But, during the ensuing Q&A it turns out that â€œknow your customerâ€ actually means â€œdonâ€™t ask/donâ€™t tellâ€ when it comes to one of their most important and largest category of customers â€“ wholesalers, specifically those shady entrepreneurs who go beyond legal EU parallel trade into the clearly illegal realm of marketing non-approved drugs to North America.
Case in point: Rimonabant.
Licensed and legally marketed in the EU under the brand name â€œAcomplia,â€ this medicine is not approved for use in the United States. But type â€œAcompliaâ€ into any US search engine and youâ€™ll find no shortage of Canadian internet pharmacies ready, willing, and able to sell it to any American with a credit card.
How is this possible? Because these pharmacies are buying their supplies from European wholesalers â€“ wholesalers who are getting their supplies (legally) from within the EU and then selling them (illegally) outside the confines of the Treaty of Rome.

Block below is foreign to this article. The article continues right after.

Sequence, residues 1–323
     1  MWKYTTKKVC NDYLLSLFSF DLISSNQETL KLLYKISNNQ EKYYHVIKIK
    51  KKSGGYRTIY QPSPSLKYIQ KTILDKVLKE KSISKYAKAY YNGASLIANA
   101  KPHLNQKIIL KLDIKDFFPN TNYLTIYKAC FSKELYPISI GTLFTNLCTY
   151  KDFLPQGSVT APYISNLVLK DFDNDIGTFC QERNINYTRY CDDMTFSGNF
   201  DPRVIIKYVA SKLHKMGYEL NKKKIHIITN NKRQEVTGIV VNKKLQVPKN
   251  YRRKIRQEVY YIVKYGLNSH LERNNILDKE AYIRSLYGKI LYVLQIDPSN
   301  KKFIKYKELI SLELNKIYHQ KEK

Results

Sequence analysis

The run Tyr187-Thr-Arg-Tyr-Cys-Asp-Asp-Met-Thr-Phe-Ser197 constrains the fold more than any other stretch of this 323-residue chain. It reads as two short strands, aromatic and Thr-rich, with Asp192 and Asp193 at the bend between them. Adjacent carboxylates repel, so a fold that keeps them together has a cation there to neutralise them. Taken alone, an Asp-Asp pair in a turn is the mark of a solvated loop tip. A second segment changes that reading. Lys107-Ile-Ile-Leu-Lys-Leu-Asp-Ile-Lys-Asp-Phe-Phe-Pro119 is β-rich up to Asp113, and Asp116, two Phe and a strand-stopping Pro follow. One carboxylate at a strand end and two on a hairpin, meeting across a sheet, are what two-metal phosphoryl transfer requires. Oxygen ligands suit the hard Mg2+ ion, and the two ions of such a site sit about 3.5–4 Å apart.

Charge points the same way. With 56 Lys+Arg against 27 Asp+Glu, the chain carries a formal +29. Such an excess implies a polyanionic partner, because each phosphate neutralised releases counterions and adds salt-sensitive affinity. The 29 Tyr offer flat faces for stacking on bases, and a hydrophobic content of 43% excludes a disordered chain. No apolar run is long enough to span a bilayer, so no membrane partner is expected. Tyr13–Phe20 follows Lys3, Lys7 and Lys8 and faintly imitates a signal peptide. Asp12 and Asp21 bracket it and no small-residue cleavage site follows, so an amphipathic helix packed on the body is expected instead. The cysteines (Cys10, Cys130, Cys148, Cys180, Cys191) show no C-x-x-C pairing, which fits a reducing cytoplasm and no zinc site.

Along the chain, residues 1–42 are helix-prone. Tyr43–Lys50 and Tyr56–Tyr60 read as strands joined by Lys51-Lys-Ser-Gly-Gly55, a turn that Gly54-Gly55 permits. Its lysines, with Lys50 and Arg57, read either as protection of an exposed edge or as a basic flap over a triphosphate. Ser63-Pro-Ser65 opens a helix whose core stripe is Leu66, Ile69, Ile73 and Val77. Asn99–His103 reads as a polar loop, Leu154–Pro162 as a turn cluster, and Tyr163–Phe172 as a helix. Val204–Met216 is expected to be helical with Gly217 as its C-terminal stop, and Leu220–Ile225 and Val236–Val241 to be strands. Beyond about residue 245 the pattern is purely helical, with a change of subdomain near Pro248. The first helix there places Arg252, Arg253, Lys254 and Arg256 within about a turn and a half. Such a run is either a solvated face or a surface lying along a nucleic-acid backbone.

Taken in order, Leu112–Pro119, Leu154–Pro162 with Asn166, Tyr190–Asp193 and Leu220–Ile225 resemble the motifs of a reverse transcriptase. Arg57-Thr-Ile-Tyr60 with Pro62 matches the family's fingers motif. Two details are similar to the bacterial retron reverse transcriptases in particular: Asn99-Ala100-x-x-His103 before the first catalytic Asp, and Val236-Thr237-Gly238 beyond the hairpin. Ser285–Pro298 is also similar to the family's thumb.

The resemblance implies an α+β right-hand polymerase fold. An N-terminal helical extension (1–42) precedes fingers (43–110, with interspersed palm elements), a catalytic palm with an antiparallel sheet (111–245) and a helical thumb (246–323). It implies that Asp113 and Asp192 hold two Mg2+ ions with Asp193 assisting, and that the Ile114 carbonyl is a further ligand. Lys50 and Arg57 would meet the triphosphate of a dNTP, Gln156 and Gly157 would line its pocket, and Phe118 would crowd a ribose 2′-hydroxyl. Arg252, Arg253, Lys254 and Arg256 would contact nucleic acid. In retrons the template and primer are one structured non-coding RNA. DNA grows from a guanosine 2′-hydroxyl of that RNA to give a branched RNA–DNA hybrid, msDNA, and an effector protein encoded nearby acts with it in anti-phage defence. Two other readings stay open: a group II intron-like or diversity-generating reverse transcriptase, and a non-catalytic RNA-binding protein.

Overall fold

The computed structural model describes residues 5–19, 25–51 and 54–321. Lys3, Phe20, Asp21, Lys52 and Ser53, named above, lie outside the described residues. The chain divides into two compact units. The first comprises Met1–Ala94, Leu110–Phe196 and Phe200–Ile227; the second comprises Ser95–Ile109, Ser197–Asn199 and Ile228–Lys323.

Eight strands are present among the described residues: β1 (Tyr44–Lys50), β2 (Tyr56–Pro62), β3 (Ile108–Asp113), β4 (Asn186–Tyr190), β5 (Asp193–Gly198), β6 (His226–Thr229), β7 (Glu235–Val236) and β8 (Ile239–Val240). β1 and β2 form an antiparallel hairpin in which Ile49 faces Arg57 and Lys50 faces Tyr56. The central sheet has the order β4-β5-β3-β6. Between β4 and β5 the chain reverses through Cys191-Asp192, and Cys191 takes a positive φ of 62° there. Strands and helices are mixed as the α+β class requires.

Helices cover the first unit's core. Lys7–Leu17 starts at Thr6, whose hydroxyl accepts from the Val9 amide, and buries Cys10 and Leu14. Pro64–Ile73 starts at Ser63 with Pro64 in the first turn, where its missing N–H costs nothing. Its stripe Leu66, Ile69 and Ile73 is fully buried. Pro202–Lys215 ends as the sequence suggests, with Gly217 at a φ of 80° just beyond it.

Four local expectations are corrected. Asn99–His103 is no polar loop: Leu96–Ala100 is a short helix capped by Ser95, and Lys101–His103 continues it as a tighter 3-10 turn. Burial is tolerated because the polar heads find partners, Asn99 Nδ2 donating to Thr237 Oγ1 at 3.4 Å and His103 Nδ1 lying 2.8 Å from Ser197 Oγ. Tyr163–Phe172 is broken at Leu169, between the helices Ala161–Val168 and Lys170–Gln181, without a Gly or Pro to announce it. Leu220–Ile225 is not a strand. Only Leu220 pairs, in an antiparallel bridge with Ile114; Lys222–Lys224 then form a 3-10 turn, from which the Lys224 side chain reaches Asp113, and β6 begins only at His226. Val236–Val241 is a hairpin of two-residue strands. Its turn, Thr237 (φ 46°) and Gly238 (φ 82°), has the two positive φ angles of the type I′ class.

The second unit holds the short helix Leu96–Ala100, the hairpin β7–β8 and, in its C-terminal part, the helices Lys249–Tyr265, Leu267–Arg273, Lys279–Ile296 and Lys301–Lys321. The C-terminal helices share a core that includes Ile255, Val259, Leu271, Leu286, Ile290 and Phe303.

When confronted with this shady behavior, Mr. Kobelt was at a loss for words, finally saying that it was an issue that should be brought up with the wholesalers.
Heinz â€“ you canâ€™t have 57 flavors of â€œknow your customer,â€ choosing to "know them" only when it's convenient is a policy that is neither sound nor honest.
As to parallel trade enhancing safety and security, hereâ€™s how Heinz spins that one.
During his presentation he pointed out (correctly) that the recent spate of counterfeit drugs that had infiltrated legitimate UK pharmacies had been discovered by a parallel trader. And thatâ€™s true. But what he didnâ€™t mention is that those same products had already passed through three other parallel traders without being found.
Some victory for drug safety and parallel trade.
Something else that Heinz didnâ€™t share was that, when the parallel trader found the counterfeits, rather than calling the UK authorities as required (the MHRA in this instance), he called the company whose drug had been counterfeited â€“ so that he could get his supplies replaced.
Parallel trade and altruistic commitment to drug safety? Sure.